In a year where the United Kingdom voted to leave the European Union and the US election exposed great divides in the politics of the American people, it feels easy to dismiss beauty – in particular make-up – as trivial. But as feminist speaker, author and new No7 ambassador Chimamanda Ngozi Adichie says, “moralising make-up” is not the answer to the world’s problems.
“I think America is at a strange place now. But I think women still need to know what damn moisturiser works in the winter. I find that in many cultures there’s almost a moral thing around make-up and appearance for women. I think we just need to get away from it,” she told Racked. “And also the idea that for men the things that are considered traditionally masculine are not things that our culture dismisses as frivolous… I don’t think men who write about sports – and I’m using an example that our culture considers traditionally masculine – would necessarily be worried about appearing frivolous. Things that are traditionally masculine sort of have this patina of seriousness even when they’re not, in a way that make-up and fashion don’t. And I find myself questioning that more and more.”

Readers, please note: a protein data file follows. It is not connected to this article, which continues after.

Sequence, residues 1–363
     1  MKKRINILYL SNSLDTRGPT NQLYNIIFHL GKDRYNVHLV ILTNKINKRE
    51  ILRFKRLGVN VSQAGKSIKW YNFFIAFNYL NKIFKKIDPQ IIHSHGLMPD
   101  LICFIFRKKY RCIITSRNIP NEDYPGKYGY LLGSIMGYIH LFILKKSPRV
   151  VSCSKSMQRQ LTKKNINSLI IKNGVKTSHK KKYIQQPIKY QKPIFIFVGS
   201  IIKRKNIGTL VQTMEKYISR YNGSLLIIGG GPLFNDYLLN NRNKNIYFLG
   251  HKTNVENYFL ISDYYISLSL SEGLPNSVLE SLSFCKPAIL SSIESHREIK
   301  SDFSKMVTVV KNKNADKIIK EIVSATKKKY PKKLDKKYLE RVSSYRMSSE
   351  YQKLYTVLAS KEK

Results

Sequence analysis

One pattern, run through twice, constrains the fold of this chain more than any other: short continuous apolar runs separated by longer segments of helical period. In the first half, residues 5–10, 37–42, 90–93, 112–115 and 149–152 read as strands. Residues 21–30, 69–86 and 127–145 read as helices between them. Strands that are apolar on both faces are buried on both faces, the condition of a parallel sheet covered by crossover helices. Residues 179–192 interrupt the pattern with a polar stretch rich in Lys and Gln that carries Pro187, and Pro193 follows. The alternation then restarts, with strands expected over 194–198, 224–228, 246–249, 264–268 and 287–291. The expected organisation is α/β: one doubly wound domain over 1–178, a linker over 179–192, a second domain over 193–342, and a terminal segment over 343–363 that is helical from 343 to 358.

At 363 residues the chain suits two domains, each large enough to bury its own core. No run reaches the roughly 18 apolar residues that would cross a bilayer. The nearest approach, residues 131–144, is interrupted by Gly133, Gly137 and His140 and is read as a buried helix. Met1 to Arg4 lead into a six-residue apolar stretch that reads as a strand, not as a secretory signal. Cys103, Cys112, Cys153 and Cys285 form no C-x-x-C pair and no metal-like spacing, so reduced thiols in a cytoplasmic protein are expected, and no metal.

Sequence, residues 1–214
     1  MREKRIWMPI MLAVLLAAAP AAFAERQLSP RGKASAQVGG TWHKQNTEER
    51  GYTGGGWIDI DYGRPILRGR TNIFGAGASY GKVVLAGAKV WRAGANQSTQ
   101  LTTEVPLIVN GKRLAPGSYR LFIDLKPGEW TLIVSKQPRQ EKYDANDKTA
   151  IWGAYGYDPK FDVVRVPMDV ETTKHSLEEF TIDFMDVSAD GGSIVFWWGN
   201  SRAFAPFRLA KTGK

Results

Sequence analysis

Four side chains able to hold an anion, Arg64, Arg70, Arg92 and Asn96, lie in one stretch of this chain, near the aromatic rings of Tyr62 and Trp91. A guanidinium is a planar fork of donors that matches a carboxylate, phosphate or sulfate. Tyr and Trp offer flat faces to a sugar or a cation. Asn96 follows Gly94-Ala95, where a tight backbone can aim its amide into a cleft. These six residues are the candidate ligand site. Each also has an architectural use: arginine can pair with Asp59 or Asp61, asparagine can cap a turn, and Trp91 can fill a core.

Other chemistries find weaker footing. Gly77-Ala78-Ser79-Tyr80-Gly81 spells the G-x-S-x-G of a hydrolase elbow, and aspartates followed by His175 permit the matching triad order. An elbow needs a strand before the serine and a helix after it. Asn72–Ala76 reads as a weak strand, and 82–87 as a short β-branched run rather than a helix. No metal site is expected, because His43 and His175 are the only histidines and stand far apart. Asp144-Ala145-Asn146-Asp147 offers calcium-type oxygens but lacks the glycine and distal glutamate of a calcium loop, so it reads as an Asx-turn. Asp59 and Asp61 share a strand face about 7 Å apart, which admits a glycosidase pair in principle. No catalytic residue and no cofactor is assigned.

Adichie’s first campaign for No7 last month saw her speaking about how she used to fear being taken less seriously because of her love of make-up, but later came to embrace it as a part of her own identity.
“I think there are some women who genuinely don’t much care about those things. I have friends who don’t care about make-up and I actually like that about them. But there are women who do and I’m one of those women,” she expanded. “I think that for a while I just thought that I couldn’t possibly wear the lipstick I wanted to wear because I felt that I would be judged. I think that changed just with getting older, getting more comfortable in my own skin, and realising that life is so damn short. There is just no point in living life based on what you imagine people expect.”